Around [inaudible] I took some action. I systematically ghosted (sic) most of my white friends, and I got rid of the [inaudible] white(?) virtue. I stopped watching the news. Once I started I couldn’t stop. [Inaudible sentence].
It was [inaudible] public service. I had fantasies of unloading a revolver into the head of any white person that got in my way, burying their body, and wiping my bloody hands as I walked away relatively guiltless with a bounce in my step. Like I did the world a [Foxtrotting] favor.
Why are white people so confused by black rage? More importantly, why would white people have so little empathy toward black rage? [Inaudible] white women should just shut up. White women cannot stop talking for longer than five minutes, because they think they’re here to teach us about black privilege. And I see the same kind of thinking by all white people in the institutions, I [inaudible].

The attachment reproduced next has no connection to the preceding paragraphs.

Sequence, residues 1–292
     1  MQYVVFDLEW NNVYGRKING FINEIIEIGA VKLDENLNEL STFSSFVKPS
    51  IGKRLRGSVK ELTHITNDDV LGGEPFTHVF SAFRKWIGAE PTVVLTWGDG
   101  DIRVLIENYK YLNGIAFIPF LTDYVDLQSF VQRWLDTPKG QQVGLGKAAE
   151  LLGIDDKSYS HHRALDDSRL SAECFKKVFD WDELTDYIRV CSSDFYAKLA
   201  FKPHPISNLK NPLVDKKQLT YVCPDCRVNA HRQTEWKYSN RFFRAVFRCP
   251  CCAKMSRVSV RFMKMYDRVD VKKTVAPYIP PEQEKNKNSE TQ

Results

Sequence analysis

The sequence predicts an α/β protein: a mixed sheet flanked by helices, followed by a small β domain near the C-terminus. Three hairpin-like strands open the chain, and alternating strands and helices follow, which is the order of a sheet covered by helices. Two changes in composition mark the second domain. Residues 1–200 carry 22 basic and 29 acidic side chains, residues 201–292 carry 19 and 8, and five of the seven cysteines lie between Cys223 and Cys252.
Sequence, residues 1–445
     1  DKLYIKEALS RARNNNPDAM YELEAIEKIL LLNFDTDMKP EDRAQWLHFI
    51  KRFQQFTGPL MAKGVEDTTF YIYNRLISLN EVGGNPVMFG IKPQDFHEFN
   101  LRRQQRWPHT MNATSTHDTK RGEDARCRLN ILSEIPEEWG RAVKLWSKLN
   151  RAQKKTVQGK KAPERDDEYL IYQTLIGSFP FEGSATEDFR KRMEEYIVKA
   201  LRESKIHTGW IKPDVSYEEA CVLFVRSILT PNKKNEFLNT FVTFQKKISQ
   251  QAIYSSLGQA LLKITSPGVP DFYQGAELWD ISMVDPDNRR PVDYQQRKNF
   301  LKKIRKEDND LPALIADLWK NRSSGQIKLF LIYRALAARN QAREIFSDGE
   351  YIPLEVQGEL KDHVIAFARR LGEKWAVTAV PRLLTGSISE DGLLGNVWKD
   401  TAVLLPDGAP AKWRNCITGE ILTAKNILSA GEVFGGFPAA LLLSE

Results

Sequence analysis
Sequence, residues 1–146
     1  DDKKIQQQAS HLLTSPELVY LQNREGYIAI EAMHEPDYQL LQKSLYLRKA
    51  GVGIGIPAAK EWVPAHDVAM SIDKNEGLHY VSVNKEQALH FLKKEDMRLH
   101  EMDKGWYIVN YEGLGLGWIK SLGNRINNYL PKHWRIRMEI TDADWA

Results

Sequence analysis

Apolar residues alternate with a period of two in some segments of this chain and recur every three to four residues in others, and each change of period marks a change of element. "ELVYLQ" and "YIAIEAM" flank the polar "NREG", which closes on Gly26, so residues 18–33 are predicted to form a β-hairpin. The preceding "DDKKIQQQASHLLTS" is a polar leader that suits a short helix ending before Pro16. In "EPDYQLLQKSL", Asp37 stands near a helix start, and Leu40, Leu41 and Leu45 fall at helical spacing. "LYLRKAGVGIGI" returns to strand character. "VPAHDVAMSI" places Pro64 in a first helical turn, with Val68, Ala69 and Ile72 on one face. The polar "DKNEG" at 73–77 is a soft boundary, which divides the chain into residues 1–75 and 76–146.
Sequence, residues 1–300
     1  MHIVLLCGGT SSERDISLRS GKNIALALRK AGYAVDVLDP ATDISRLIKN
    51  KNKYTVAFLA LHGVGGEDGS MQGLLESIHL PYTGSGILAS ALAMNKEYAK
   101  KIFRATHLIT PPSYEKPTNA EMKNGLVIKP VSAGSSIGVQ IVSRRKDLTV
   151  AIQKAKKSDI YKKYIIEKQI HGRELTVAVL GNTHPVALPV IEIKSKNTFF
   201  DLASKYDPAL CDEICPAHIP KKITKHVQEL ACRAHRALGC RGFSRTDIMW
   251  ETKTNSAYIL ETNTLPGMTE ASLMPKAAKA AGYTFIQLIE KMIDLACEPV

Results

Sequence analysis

So now I have some tools. [Inaudible] road map of the white mind. Are you out of your [censored] mind if you can’t see that?
White people are out of their minds, and have been for a long time.
Projection, paranoid ideation, and anger issues
So, we are now in a psychological predicament, because white people feel that we are bullying them when we bring up race. They feel that we should be thanking them for all that they have done for us. They are confused, and so are we. We keep forgetting that directly talking about race is a waste of our breath. We are asking a demented, violent predator who thinks that they are a saint or a superhero, to accept responsibility. It ain’t gonna happen. They have five holes in their brain. It’s like banging your head against a brick wall. It’s just like sort of not a good idea.